The Act extends to the province of Alberta a "direct and distinct action against a manufacturer to recover the Crown's cost of health services caused or contributed to by a tobacco-related wrong" (s. 42(1)). The cost of health services is defined as the sum of the total expenditure by the province for health services provided for insured persons as well as the estimated expenditures that could be reasonably expected will be provided to insured persons that have resulted from tobacco-related disease or the risk of tobacco-related disease (s. 41(1)(a)). The term 'health services', in turn, is broadly defined and includes, among other things, in- and out-patient services, services as defined in Alberta Health Care insurance Act, and public health services. The parties that the province can seek recovery from are considered manufacturers.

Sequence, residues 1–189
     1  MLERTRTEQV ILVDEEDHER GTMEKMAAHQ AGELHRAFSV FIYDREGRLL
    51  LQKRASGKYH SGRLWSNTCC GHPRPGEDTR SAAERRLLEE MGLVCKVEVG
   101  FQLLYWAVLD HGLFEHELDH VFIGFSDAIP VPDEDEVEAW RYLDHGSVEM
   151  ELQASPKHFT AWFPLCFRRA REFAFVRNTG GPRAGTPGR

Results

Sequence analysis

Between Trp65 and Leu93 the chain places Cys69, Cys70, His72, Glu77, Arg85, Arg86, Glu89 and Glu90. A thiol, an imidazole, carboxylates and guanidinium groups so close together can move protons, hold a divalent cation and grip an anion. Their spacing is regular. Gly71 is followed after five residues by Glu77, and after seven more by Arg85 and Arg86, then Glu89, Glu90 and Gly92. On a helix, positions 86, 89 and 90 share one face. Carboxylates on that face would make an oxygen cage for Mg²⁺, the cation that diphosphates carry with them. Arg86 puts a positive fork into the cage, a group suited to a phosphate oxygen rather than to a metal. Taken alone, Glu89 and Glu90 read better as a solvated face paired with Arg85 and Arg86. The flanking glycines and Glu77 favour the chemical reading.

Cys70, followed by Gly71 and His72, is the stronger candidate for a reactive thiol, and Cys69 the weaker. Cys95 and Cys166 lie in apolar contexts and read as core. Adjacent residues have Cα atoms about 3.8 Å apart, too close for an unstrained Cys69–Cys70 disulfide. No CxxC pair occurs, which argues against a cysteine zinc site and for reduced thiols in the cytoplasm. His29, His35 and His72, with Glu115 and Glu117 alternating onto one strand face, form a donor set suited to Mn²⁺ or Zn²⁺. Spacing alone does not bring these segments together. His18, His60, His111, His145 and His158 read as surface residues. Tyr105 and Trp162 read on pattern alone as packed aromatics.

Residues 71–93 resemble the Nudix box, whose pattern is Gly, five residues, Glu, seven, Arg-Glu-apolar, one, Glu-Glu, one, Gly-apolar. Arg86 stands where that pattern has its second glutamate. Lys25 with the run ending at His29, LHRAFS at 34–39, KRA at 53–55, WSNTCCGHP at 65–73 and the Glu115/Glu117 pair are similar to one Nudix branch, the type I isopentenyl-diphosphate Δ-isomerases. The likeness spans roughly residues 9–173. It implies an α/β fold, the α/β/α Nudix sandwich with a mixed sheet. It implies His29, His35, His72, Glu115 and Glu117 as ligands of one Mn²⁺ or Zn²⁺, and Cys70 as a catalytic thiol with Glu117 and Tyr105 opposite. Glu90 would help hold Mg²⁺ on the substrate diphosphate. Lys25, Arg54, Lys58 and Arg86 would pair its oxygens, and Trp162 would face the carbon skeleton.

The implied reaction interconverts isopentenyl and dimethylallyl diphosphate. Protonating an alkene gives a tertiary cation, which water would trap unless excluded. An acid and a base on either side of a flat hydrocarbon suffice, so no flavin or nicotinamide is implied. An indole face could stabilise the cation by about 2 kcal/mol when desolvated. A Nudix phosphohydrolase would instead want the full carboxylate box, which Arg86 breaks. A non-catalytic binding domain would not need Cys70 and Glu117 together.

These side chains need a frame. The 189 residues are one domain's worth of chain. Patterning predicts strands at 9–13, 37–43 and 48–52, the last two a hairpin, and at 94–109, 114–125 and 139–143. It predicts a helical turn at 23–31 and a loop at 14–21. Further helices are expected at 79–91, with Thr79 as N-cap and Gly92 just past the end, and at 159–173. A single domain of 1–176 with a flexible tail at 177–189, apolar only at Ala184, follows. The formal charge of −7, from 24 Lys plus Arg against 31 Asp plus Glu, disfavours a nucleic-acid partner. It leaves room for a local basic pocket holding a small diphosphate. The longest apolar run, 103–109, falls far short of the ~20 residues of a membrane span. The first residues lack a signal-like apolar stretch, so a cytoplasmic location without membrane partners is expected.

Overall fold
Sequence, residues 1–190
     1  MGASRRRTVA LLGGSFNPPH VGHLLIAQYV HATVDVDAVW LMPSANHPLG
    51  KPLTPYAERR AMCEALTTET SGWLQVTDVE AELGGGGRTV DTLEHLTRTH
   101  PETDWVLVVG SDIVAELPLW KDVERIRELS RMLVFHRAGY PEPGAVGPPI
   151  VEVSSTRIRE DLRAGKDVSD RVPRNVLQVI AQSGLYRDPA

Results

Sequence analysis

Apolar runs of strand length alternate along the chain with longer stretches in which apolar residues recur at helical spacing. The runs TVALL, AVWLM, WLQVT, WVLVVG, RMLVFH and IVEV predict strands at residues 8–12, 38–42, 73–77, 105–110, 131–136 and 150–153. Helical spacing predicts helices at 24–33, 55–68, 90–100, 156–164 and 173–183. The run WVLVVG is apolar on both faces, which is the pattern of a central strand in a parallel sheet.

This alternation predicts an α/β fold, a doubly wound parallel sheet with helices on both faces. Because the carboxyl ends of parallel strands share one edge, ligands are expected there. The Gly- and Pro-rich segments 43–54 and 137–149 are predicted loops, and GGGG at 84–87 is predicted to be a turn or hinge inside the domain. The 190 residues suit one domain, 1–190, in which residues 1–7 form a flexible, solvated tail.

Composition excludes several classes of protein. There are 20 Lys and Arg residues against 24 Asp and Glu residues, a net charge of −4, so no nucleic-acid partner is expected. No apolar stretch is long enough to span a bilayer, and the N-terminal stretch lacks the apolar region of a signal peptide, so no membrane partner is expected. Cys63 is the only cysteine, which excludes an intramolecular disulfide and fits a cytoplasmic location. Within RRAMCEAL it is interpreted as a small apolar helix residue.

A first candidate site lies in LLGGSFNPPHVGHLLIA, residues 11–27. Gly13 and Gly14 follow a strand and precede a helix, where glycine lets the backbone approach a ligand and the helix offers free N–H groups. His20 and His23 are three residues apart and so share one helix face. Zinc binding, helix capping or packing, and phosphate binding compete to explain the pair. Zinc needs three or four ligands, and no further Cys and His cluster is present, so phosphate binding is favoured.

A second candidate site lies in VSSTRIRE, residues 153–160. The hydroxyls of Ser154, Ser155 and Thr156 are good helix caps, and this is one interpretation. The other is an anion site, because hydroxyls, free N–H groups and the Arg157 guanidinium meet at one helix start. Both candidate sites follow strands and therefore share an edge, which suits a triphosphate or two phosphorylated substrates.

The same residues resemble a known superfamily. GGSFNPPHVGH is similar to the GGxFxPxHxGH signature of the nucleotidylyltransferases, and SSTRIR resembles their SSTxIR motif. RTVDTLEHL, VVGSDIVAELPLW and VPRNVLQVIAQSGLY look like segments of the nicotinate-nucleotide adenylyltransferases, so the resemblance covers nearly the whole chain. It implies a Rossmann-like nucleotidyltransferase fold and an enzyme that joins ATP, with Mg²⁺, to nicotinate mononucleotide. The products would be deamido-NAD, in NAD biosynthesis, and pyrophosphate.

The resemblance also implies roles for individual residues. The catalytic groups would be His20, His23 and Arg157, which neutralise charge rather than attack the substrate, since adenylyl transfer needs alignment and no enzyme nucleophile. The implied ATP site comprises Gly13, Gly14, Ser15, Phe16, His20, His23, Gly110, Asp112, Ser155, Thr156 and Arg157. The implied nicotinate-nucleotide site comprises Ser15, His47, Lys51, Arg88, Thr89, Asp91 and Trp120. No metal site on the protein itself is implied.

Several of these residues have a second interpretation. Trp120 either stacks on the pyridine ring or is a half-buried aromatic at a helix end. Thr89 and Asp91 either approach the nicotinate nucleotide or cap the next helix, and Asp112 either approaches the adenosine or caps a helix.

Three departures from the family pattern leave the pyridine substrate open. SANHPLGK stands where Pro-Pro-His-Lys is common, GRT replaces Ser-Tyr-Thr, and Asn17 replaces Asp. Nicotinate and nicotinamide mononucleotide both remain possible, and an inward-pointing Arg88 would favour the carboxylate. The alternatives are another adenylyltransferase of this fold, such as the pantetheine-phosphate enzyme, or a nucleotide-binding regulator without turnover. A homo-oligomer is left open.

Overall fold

Under the Act, manufacturers include any person who "manufactures or has manufactured a tobacco product" (s. 41(1)(i). This definition includes, among others, persons who cause the manufacturing of tobacco products (s. 41(1)(i)(i)), derive at least 10% of revenues from the manufacture or promotion of tobacco products (s. 41(1)(i)(ii)), or engage in or cause others to engage in the promotion of a tobacco product (s. 41(1)(i)(iii)). The legislation does not specifically address what is meant by disease. Instead, disease is defined simply as including "general deterioration of health" (s. 41(1)(c)).